This is a digital disk (and solid state) media player.
And despite the title of the post, it is not in direct competition with Blu-Ray. It's not a consumer format. It's not even a fancy disk format. It's just a solution to produce a compact high-definition digital-cinema player.
RedRay will do something that BluRay cannot. It will play movies at 4K from a box about the same size as a DVD drive - to a suitably equipped 4K digital projector.
By way of comparison. BluRay's image size is 1920 x 1080 pixels.
"2K" resolution is a bit higher than that. (Full Aperture Native 2K is defined as 2048x1556) Most experts think that a good cinema resolution is typically around 2K.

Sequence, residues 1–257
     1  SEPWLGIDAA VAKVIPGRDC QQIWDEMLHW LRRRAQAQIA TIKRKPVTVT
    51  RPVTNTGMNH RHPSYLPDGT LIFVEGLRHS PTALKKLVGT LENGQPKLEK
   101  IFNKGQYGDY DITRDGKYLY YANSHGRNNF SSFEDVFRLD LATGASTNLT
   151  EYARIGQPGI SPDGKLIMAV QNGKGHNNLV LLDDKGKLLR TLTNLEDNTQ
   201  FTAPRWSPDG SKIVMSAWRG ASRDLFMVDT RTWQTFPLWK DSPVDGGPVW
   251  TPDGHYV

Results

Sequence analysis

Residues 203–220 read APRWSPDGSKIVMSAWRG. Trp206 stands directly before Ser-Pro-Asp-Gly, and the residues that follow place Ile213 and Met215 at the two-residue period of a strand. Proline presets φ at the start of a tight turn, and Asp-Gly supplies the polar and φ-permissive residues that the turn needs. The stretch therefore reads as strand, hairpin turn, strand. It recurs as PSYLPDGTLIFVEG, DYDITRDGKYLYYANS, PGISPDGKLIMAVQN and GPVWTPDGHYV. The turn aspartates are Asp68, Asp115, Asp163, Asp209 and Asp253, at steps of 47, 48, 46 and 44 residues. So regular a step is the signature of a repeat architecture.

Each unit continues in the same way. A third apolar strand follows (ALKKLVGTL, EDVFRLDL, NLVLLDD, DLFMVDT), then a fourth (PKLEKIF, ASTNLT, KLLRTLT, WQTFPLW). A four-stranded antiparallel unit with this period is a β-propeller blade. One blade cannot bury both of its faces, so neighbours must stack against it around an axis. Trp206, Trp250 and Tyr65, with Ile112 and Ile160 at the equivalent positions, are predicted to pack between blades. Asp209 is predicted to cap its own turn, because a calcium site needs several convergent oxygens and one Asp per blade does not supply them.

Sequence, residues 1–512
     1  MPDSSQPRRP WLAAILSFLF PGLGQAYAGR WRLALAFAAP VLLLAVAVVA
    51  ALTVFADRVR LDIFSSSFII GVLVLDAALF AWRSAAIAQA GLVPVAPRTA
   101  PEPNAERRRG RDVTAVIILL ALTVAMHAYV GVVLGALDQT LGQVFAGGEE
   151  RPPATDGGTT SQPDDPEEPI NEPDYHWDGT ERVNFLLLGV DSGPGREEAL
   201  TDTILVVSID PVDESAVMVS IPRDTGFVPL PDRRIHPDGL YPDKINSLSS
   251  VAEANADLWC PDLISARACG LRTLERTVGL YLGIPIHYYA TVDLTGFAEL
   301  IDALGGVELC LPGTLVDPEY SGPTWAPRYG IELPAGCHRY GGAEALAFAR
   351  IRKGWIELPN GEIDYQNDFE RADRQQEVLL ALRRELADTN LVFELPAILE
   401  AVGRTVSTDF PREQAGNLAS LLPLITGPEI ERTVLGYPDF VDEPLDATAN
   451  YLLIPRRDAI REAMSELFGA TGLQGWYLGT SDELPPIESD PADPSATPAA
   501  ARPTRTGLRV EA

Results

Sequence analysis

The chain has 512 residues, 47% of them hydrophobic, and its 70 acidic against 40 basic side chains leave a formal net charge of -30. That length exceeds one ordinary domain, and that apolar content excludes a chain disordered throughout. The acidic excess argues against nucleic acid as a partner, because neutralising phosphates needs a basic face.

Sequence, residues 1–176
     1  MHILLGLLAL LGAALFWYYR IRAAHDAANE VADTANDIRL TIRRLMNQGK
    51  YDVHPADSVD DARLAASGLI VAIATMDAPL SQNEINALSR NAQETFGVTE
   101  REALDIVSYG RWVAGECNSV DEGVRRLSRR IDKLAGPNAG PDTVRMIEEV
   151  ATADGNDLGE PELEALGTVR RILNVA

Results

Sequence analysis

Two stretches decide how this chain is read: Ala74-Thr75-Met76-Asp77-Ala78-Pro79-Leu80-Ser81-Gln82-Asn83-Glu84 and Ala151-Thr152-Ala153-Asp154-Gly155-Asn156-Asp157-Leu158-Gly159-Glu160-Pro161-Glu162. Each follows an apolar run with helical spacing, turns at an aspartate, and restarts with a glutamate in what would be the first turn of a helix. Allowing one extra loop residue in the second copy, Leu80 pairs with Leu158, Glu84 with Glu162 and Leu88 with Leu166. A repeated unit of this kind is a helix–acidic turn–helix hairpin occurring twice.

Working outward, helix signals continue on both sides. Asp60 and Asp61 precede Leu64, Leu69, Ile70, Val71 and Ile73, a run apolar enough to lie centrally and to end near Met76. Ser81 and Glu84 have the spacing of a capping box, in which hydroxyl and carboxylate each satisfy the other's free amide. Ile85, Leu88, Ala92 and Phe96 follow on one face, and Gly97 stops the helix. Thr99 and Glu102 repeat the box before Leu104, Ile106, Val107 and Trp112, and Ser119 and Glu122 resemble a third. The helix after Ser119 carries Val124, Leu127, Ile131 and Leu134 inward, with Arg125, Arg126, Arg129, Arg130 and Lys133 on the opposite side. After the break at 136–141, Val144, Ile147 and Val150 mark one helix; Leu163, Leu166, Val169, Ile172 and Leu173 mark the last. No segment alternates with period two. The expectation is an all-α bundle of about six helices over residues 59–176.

4K has twice that linear resolution. So we are talking about an image size of 12 mega-pixels versus BluRay's 2 mega-pixel image.
So a sensible question is: What's coming off the disk? RedRay uses a codec which has a high compression ratio. And apparently very few compression artifacts. In a recent demo. Red showed an audience a 4K showreel - and then revealed that the data-stream was just 10 megabits. Not much more that a standard def MPEG2 DVD. Although it can use much higher bit rates.
I am not suggesting this is a some kind of nail in BluRay's coffin ... but does suggest that better technology is arriving all the time. So it's going to be tough to stick to a standard and expect it to last for 10 or 20 years.